A massive earthquake that shook Mars in May this year was at least five times larger than the previous record holder, new research has revealed.
We don’t know what the source of the earthquake was, but it was really peculiar. As well as being the strongest earthquake recorded on Mars to date, it was also the longest by any significant amount, shaking the Red Planet for 10 hours.
“The energy released by this single Marchquake equals the cumulative energy of all other Marchquakes we have seen so far,” says seismologist John Clinton from the Swiss Federal Institute of Technology in Switzerland, “and even though the event was more than 2,000 kilometers (1,200 miles) away, the waves recorded at InSight were so large that they almost saturated our seismometer.”
The new analysis of the earthquake, published in Geophysical Research Letters, fixes its magnitude at 4.7. The previous record holder was a magnitude 4.2 earthquake detected in August 2021.
It might not look like a big earthquake by Earth standards, where the strongest earthquake ever recorded tipped a magnitude of about 9.5. But for a planet that was thought to be seismically inactive until NASA’s InSight probe began recording its interior in early 2019, it’s impressive.
Although Mars and Earth have a lot in common, there are some really key differences. Mars has no tectonic plates; nor does it have a coherent global magnetic field, often interpreted as a sign that not much is going on in the Martian interior, since Earth’s magnetic field is theorized to be the result of thermal convection internal.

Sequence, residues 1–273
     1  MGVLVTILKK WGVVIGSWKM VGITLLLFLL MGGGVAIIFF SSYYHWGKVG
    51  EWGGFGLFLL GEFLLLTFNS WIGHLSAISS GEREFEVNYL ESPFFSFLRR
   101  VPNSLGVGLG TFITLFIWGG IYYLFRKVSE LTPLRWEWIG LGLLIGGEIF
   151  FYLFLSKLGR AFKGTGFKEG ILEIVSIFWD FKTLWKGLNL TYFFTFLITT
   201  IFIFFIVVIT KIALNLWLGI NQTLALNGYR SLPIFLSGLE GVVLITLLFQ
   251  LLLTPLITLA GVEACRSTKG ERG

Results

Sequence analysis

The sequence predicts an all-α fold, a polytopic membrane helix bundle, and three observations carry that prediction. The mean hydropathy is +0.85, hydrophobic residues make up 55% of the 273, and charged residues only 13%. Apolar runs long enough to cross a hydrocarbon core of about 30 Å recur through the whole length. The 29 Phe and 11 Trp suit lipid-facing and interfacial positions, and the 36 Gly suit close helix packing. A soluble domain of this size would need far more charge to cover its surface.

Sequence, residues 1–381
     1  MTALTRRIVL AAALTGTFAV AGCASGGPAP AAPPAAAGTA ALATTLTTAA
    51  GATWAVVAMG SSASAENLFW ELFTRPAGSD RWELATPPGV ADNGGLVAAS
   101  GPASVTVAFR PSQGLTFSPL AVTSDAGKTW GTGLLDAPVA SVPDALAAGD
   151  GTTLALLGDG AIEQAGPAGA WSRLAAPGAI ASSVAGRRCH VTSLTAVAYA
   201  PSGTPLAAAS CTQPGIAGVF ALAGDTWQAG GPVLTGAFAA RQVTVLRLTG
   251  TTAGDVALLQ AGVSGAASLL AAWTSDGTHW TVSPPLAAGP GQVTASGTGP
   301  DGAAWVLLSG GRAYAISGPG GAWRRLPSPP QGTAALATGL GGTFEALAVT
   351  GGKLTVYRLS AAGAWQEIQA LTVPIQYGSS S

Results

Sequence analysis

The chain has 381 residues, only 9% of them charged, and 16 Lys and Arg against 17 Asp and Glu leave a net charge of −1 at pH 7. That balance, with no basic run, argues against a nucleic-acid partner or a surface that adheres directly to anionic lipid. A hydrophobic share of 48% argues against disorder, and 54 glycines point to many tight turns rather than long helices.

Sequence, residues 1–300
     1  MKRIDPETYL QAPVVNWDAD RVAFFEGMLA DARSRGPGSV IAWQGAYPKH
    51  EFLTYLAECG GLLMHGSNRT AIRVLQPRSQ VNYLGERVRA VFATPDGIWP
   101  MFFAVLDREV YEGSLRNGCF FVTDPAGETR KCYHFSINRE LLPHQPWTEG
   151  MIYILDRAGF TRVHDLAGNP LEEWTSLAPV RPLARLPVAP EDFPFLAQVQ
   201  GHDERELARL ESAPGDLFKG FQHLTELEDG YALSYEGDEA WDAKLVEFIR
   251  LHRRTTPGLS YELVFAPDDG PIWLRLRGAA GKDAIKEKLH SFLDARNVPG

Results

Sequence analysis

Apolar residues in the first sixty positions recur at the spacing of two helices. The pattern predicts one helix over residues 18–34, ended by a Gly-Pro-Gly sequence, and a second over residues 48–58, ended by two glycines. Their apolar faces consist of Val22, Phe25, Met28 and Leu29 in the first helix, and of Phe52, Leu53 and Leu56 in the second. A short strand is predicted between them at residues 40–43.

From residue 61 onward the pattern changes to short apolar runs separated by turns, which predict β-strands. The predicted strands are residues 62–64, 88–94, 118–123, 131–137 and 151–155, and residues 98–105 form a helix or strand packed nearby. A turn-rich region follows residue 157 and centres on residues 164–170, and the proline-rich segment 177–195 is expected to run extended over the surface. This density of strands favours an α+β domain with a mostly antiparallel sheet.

InSight has revealed that Mars is not as seismically quiet as we previously assumed. It creaks and rumbles, alluding to volcanic activity under the Cerberus Fossae region where the InSight lander crouches, surveying the hidden innards of the planet.
But determining the activity status of the Martian interior is not the only reason to monitor earthquakes. The way seismic waves propagate through and through a planet’s surface can help reveal variations in density within. In other words, they can be used to rebuild the structure of the planet.
This is usually done here on earthbut hundreds of earthquakes recorded by InSight have allowed scientists to build a martian interior maptoo.
The May earthquake may have been just a seismic event, but it appears to have been a significant event.
“For the first time, we were able to identify surface waves, traveling along the crust and upper mantle, which circled the planet multiple times,” Clinton says.
In two other separate articles of Geophysical Research Lettersteams of scientists have analyzed these waves in an attempt to understand the structure of the crust on Mars, identifying regions of sedimentary rock and roll volcanic activity inside the crust.
But there is more to the earthquake itself. First, it originated in the Cerberus Fossae region, but not here, and could not be attributed to any obvious surface feature. This suggests it might be related to something hidden under the crust.
Second, March quakes are generally high or low in frequency, with the former being characterized by fast, short quakes, and the latter by longer, deeper waves with larger amplitudes. This earthquake combined both frequency ranges, and researchers aren’t sure why. However, it is possible that high and low frequency earthquakes previously recorded and analyzed separately could be two parts of the same seismic event.
It could mean scientists need to rethink how marsquakes are understood and analyzed, revealing even more secrets hidden beneath the deceptively quiet Martian surface.
“It was definitely the biggest earthquake we’ve seen,” says planetary scientist Taichi Kawamura from the Paris Globe Physics Institute in France.
“Stay tuned for more exciting stuff after this.”
The research has been published in Geophysical Research Letters.
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